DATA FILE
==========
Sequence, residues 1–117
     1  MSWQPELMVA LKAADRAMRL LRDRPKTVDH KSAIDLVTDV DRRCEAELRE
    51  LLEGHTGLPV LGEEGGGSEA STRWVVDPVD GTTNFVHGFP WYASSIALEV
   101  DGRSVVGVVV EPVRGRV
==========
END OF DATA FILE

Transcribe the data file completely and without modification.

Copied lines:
Sequence, residues 1–117
     1  MSWQPELMVA LKAADRAMRL LRDRPKTVDH KSAIDLVTDV DRRCEAELRE
    51  LLEGHTGLPV LGEEGGGSEA STRWVVDPVD GTTNFVHGFP WYASSIALEV
   101  DGRSVVGVVV EPVRGRV